The global sun care market is among the smallest personal care segments, according to Euromonitor (www.euromonitor.com) figures. However, the business intelligence firm has forecast the global market to grow 6.4% to about $10 billion by 2018, with results roughly split between emerging and mature markets.
Previously: Practice Sun Protection with a Sport Stick
All the growth during that forward-looking period will come from emerging markets. Yet, globally, adoption of sun care remains low.
Sun Care Dangerously Underused
Consumers around the world have varying levels of concern, according to Datamonitor figures. Among countries surveyed, Indians and Brazilians were most concerned—45% and 42%, respectively. England and the United States were significantly less so: 18% and 28%, respectively. These statistics have significant consequences for human health.
Further reading: L'Oreal Technology Tells You if You've Had Too Much Sun
According to the World Health Organization, approximately 132,000 new cases of melanoma are diagnosed around the world each year. Australia and New Zealand have the highest melanoma incidence, according to the Aim at Melanoma Foundation, more than double the rate of North America.
When seeking out skin care products, 62% of surveyed global consumers listed sun protection/UV protection as the top product benefit they sought in skin care.
More than 3.3 million people are treated for non-melanoma skin cancer in the United States each year.* Meanwhile, melanoma rates in the country have more than doubled in the last 30 years. According to the American Cancer Society, 73,870 Americans were diagnosed with melanoma last year—42,670 men and 31,200 women. Of those cases, nearly 10,000 resulted in death.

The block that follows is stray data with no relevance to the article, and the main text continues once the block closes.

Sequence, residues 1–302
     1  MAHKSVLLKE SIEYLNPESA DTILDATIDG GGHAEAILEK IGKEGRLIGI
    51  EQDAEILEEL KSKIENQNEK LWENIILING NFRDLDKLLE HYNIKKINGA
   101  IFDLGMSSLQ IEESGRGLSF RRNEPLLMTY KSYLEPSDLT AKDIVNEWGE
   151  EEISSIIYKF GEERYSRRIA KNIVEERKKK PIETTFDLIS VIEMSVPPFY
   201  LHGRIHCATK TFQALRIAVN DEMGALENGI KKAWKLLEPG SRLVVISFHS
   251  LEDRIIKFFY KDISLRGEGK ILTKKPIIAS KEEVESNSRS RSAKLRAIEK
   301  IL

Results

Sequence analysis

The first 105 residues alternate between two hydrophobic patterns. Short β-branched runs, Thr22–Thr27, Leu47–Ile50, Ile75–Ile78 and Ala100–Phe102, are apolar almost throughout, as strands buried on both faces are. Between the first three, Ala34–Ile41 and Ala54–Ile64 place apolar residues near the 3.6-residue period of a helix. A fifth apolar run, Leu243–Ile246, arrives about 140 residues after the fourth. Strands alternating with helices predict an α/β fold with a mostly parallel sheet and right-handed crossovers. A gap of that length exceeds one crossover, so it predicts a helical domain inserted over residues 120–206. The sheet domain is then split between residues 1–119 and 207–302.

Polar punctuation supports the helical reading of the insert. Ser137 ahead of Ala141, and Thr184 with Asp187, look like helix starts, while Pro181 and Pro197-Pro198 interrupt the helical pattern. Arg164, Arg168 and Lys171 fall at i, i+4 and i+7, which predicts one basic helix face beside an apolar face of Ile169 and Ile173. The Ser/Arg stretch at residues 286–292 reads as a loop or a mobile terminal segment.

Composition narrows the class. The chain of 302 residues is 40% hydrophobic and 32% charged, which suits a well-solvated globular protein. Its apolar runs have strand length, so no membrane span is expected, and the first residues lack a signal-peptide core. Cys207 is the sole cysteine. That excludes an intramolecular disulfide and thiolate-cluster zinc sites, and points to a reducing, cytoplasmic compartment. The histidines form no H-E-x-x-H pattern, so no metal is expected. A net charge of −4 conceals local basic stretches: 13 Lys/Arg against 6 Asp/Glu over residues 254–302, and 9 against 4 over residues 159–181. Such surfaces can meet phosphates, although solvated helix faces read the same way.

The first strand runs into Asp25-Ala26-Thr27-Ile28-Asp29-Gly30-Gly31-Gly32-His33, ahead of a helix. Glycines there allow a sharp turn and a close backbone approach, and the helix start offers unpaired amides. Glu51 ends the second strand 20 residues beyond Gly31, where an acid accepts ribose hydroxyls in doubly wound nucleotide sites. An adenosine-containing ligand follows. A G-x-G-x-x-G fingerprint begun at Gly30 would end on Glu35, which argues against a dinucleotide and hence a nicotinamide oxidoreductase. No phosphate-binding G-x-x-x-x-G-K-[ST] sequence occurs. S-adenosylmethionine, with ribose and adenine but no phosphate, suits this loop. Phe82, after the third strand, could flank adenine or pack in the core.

Markets Seeking Different Benefits
According to Datamonitor figures, the global sun protection product market was valued at $5.6 billion in 2013; after-sun and self-tanning products were valued at $1.7 billion and $1.4 billion, respectively. For current regional market and segment figures, see “Sun care markets and segments 2016.”
Sun Care Usage Patterns and Purchase Drivers
According to Experian data, just 3.61% of U.S. households use four or more bottles of facial suntan/sunscreen/sunless tanning products per year. About 22% use 1 bottle or less, and nearly 2% use none at all. According to the data, 4.3% of U.S. households use four or more bottles of body suntan/sunscreen/sunless tanning products in a year. About 17% use one bottle or less, with just over 1% using none.
When seeking out skin care products, 62% of surveyed global consumers listed sun protection/UV protection as the top product benefit they sought in skin care, according to Datamonitor. For sun care products, specifically, male and female consumers listed their top factors as follows:
- Ease of use/application
- Trust/familiarity with brand
- Natural/organic ingredients
- Lowest possible price
- Sensory elements: scent, texture, etc.
- Brand social and environmental responsibility
According to 2015 figures gathered by Statista, more than 28% of consumers prefer SPF 30+ sun care, followed by SPF 15-29 (7%) and SPF 1-14 (2.75%).